A plug-in oscilloscope is electrically like any other oscilloscope. The mechanical housing of the plug-in instrument is different from that of the compact one, because the former consists of a mainframe to which one or more plug-in units can be added, to vary the oscilloscope’s facilities. The company which has elaborated the plug-in idea the most by far is Tektronix, Inc. The picture below shows an example demonstrating the idea. The choice between a plug-in or a compact oscilloscope can be aggravated by the question: How many different oscilloscope functions do I need, and for how many people?
If someone must equip a small laboratory staff (about 4 to 6 engineers) which must fulfill a great variety of R&D jobs, the preference will be for plug-in oscilloscopes. Now, everyone can have a mainframe with his or her own standard plug-ins. However, for the laboratory, several different special functions can be bought as plug-in units, which are cheaper per item than a complete oscilloscope. If, on the other hand, a classroom must be equipped with many of the same oscilloscopes (that is, functions), the compact oscilloscope is the one and only choice, because for the same function a compact is cheaper than the mechanically more complicated plug-in instrument.
If an engineer is the only electronic specialist in the department, the choice will depend on whether the kind of work requires a plug-in or a compact oscilloscope. In the service field, a 15 to 25 MHz dual-channel compact oscilloscope usually is sufficient. For electronic development work, a plug-in system is advisable. In the bigger radio and TV service workshops, the same kind of work is done by all the engineers; a compact oscilloscope is the best choice here.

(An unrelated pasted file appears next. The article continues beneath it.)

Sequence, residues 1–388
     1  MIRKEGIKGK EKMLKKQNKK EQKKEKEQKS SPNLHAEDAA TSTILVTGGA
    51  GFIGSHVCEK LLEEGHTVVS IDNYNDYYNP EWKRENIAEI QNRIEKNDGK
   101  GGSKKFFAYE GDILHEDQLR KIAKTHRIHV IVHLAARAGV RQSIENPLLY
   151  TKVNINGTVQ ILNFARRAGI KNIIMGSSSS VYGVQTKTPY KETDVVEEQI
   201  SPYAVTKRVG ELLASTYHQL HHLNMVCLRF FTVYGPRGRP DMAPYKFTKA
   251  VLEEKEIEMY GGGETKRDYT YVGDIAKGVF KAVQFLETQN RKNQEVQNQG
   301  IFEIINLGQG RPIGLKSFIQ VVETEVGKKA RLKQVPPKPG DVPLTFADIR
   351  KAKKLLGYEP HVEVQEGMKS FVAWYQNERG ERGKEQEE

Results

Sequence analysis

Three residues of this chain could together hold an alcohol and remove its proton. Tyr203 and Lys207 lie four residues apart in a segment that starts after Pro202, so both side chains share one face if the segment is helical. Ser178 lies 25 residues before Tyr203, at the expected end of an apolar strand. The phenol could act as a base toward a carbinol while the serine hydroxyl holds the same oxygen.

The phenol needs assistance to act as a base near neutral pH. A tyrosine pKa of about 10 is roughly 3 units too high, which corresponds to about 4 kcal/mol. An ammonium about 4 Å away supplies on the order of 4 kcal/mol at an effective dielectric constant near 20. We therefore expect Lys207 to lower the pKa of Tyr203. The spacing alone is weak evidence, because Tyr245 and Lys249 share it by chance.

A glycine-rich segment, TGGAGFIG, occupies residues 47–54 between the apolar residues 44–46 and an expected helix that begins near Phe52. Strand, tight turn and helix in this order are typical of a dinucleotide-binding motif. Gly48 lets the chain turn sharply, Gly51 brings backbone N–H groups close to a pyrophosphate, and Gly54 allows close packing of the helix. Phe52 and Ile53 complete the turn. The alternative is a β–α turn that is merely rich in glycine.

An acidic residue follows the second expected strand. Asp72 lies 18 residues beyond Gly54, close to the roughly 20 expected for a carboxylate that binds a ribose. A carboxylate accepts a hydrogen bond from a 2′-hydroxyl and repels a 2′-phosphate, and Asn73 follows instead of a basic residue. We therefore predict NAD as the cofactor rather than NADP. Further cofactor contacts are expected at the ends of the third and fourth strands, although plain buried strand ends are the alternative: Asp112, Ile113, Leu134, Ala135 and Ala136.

So far, all the considerations have related to the application fields. Of course, there are also price or price-performance motives that affect the choice between plug-in and compact oscilloscopes. In general, the compact oscilloscope is a mechanically simpler setup and hence cheaper (i.e., if the same functions are to be performed by oscilloscopes from the same company). Moreover, once a plug-in system is set up in a laboratory, one is obliged to continue with it, because the purchase of an additional compact oscilloscope would make the plug-in system more expensive. Some parts of the compact oscilloscope would have been bought superfluously.
Because of the advanced technology in electronics, it is possible to create plug-in units for several kinds of functions, for example, frequency counter, digital voltmeter, spectrum analyzer, time-domain reflectometer, and lately, the logic analyzer. Of course, these all are eminent developments, but there is a catch. The specs of the frequency counter plug-in unit can only compete with those of a moderate compact counter. The same applies to the DVM function and so on.
It makes sense, then, to set up a plug-in system in a lab if one realizes what he or she is buying. Don’t think that it is cheaper to buy only the plug-in units as an extra to the oscilloscope, thereby avoiding having to buy the more expensive special instruments. Besides this, what do you do if you need three or more similar functions in one measuring setup and have only one plug-in oscilloscope? To overcome this problem, special power-supply units are produced into which several plug-in units can be inserted. But then this combination cannot really compete anymore with the price-performance ratio of compact instruments.
Finally, what do you do if you have your special plug-in unit in your hands but need a second main frame which is not at hand? These problems do arise in practice.
However, in conclusion, a very strong point pleading for a plug-in system in a laboratory is the fact that all equipment comes from the same supplier. So only one salesperson serves you and the after-sales service will be much better than when many instruments are bought from many different suppliers. Your lab has now become a good customer of that one supplier, and usually, in such cases, the service will be much quicker and smoother. Now, without calculating and expressing the profits thereof directly in money, it can be stated that good service saves a lot of time and thus a lot of money.